Provided by: University of Ottawa
Date Added: May 2012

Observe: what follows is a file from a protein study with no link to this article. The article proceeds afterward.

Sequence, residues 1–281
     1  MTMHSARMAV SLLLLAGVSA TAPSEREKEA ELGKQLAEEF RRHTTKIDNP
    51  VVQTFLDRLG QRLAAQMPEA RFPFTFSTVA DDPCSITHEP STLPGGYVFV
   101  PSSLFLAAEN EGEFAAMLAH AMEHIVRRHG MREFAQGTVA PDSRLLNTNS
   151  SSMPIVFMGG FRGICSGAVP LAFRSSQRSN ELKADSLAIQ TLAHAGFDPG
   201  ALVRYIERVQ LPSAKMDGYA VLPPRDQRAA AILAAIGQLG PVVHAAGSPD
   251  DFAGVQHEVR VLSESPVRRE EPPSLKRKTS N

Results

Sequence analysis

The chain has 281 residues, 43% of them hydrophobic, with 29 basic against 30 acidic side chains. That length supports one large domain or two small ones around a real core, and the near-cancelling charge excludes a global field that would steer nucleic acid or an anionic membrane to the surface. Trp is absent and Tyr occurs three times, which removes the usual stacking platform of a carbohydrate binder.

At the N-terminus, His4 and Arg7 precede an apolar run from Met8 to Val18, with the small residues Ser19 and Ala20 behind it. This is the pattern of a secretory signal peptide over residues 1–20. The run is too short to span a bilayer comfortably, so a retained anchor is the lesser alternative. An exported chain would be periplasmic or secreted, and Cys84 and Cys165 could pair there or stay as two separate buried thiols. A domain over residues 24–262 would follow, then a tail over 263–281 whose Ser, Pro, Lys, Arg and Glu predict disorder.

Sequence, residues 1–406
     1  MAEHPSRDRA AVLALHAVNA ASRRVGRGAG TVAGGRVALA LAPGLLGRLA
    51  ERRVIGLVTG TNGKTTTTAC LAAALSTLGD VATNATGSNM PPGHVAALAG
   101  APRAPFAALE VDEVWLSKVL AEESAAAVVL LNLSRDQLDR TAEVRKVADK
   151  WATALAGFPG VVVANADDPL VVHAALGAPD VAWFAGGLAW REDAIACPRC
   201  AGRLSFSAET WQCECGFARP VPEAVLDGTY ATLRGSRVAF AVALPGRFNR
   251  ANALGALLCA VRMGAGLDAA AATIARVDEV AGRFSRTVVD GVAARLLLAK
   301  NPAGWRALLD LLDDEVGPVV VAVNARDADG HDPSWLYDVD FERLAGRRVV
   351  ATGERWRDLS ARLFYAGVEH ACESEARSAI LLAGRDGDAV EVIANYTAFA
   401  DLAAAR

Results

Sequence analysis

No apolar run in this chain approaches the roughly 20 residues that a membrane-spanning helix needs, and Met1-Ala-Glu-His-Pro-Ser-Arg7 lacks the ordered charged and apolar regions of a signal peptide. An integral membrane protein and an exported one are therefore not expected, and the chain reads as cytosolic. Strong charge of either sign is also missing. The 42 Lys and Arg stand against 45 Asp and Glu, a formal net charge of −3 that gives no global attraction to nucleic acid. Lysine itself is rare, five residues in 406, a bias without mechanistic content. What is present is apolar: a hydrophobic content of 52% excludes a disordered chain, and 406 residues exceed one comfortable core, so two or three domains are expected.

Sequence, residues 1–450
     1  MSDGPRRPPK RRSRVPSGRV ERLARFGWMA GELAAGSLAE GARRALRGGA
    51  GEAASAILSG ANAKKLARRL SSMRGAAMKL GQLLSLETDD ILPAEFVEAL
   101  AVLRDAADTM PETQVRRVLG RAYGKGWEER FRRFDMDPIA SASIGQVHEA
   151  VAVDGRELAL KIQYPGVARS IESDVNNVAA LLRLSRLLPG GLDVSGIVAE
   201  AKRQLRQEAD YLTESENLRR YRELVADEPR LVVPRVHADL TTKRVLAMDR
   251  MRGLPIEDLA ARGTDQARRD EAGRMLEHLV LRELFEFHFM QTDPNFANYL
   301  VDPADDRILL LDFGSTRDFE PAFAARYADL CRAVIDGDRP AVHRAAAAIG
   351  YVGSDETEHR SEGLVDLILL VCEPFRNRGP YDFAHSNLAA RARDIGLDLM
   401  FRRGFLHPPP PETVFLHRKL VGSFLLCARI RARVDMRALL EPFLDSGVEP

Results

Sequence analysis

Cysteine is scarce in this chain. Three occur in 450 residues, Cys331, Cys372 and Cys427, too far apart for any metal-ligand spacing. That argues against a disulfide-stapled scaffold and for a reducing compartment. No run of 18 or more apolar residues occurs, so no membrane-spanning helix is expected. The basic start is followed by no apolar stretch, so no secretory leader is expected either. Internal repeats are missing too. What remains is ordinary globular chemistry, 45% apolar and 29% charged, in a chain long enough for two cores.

In infrastructure-less highly dynamic networks, computing and performing even basic tasks (such as routing and broadcasting) is a very challenging activity due to the fact that connectivity does not necessarily hold, and the network may actually be disconnected at every time instant. Clearly the task of designing protocols for these networks is less difficult if the environment allows waiting (i.e., it provides the nodes with store-carry-forward-like mechanisms such as local buffering) than if waiting is not feasible. No quantitative corroborations of this fact exist (e.g., no answer to the question: how much easier?). In this paper, the authors consider these qualitative questions about dynamic networks, modeled as time-varying (or evolving) graphs, where edges exist only at some times.